What is a multipoint?  - A really bad idea for most people in most uses.  A multipoint is a single point object that has multiple coordinates, giving the appearance of multiple points.  The result is what appears to be many points but which are all one object in one record.  A multipoint can even have multiple branches, each of which has multiple coordinates.   Given that virtually everyone expects what visually seems to be a separate point to be, indeed, a separate point with its own record in a table, the use of multipoints is a sure-fire way to confuse people.  For that reason, even if it seems to make sense to use a multipoint, friends don't let friends use multipoints, and the user interface deliberately makes it difficult to create a multipoint by accident.

 

Deletions are Confirmed - Deleting objects in a drawing window or in a drawing layer in a map window displays a confirmation dialog. The default button in the confirmation dialog is set to Cancel.  If we do not want to see the confirmation dialog, we can check the Never show this again box.  That will remove the confirmation dialog for deleting frames in layouts, for deleting objects in drawing layers, for deleting labels, and for deleting records in tables.    Another way to eliminate the confirmation dialog is to uncheck the Confirm deleting records box in the Tools - Options dialog.  Objects in a drawing are records in the drawing's table, hence the "records" terminology.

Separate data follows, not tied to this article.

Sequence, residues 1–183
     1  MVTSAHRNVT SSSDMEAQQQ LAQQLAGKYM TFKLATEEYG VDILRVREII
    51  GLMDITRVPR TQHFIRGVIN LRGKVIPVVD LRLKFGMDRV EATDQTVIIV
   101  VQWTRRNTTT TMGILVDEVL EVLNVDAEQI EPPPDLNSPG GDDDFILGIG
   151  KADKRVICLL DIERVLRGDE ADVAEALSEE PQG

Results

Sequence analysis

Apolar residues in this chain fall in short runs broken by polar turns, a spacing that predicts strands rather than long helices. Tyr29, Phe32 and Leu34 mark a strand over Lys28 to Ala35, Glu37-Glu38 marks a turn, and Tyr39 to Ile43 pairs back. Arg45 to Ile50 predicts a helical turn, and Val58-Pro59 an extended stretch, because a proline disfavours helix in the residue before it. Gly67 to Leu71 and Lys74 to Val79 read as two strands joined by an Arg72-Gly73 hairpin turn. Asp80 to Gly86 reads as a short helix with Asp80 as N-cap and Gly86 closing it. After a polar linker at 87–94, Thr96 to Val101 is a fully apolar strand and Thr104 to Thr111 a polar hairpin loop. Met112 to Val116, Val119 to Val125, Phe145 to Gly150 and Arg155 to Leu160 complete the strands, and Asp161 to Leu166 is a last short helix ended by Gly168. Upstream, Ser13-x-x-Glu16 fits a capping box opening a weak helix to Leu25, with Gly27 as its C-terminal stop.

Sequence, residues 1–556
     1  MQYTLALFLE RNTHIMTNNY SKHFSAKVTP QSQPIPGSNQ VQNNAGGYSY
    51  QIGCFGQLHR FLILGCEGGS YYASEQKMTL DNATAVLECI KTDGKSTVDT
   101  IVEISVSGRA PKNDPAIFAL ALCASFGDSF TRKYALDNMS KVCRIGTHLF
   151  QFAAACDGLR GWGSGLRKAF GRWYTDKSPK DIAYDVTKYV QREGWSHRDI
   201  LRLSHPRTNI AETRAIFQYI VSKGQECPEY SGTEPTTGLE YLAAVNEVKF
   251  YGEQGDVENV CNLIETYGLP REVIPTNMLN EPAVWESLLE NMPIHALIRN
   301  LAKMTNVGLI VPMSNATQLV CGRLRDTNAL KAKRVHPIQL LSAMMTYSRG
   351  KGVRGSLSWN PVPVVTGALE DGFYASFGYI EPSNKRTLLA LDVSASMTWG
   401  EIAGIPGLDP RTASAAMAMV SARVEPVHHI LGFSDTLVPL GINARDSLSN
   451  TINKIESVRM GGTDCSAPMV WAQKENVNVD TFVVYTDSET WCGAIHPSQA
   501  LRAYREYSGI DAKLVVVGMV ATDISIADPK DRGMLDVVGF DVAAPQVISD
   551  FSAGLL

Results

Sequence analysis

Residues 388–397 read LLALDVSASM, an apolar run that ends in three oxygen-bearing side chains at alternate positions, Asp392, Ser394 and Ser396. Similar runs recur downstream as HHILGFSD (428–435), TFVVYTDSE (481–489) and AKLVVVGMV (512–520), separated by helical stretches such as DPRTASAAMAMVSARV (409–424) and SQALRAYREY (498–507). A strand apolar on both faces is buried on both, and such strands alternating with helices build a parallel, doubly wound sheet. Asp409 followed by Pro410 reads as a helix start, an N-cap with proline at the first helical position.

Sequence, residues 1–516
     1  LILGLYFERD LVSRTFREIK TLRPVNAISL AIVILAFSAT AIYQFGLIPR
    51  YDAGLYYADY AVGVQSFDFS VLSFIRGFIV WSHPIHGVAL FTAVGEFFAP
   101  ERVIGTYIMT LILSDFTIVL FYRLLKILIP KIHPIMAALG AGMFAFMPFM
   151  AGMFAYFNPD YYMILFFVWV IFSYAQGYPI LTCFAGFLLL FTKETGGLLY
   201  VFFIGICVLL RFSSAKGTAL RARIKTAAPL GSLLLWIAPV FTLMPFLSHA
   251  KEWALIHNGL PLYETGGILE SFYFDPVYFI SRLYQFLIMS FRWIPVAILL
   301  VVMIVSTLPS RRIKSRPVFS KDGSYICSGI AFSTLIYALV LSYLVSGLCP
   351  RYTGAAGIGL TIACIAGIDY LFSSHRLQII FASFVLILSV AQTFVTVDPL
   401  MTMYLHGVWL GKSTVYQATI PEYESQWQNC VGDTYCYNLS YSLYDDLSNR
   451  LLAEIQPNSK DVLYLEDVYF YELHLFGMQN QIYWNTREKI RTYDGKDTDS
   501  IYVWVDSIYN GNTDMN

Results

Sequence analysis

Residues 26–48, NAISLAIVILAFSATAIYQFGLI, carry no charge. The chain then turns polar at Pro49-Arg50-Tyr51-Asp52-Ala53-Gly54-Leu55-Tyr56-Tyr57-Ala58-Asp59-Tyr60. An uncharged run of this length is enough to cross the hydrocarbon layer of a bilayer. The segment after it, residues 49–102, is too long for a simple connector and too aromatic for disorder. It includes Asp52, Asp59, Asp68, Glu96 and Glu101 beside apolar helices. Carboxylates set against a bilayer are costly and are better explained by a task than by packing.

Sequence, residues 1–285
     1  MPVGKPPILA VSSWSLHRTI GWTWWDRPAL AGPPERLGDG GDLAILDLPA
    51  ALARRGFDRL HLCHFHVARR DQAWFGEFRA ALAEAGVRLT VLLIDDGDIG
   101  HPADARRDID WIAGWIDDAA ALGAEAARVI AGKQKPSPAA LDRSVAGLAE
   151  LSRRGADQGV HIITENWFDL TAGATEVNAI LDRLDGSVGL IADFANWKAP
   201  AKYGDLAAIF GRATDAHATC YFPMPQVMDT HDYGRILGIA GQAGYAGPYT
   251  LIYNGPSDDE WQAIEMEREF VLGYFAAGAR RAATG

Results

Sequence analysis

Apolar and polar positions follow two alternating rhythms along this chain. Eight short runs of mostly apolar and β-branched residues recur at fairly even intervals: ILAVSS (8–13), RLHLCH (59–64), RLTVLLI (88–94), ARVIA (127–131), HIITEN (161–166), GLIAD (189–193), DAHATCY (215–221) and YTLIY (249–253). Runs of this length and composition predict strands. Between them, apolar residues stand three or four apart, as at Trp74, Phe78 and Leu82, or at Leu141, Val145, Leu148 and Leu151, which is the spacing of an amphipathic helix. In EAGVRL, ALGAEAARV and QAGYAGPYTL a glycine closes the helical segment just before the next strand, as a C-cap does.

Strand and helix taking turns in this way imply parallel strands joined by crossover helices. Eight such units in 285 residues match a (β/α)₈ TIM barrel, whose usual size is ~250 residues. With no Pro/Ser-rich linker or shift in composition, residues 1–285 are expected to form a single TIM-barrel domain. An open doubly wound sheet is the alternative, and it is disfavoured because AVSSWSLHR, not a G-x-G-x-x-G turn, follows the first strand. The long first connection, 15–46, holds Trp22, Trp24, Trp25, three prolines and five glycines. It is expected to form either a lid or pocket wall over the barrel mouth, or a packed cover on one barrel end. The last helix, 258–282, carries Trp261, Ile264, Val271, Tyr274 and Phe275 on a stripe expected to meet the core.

See Also

Getting Started

 

User Interface Basics

 

Drawings

 

Tracker: Measurements

 

Copy and Paste between Drawings

 

Contents - Layers

 

Contents - Record

 

Example: Draw Lines, Areas and Points - Simple example of using basic mouse moves to add points, lines and areas to a drawing.

 

Example: Drawings use Geom Fields in Tables  - An essential discussion on how drawings are created from geom fields in tables, including how the drawing knows which coordinate system to use.

 

Example: Repair a Wrong Edit using a Backup - How to quickly make a backup table and to then copy and paste geometry from that table to repair errors made when editing objects.  This technique is a life-saver when edits go astray.

 

Example: Trace an Area in a Map over an Image Background - In a map with a drawing layer above an image layer, create an area object in the drawing by tracing over the outlines of something seen in the image layer below.

 

Example: Edit Coordinates While Creating an Object - When creating an object in a map using a tool such as Create Area, right in the middle of the process we can edit coordinates in the Contents - Record panel's Coordinates tab.   This example shows the step by step process.

 

Example: Edit Attributes and Move a Point - We look at the attributes for a point in a drawing layer and edit one of the attributes using a more expanded Edit dialog.  We then move the point to a new location. Easy!

 

Example: Edit Attributes, Larger Text, IME for Asian Languages - A tour showing how to edit attributes in a drawing using the Record panel Values tab and the expanded Edit dialog, including advanced Unicode facilities and use of the built in Input Method Editor (IME) to input text in Japanese language.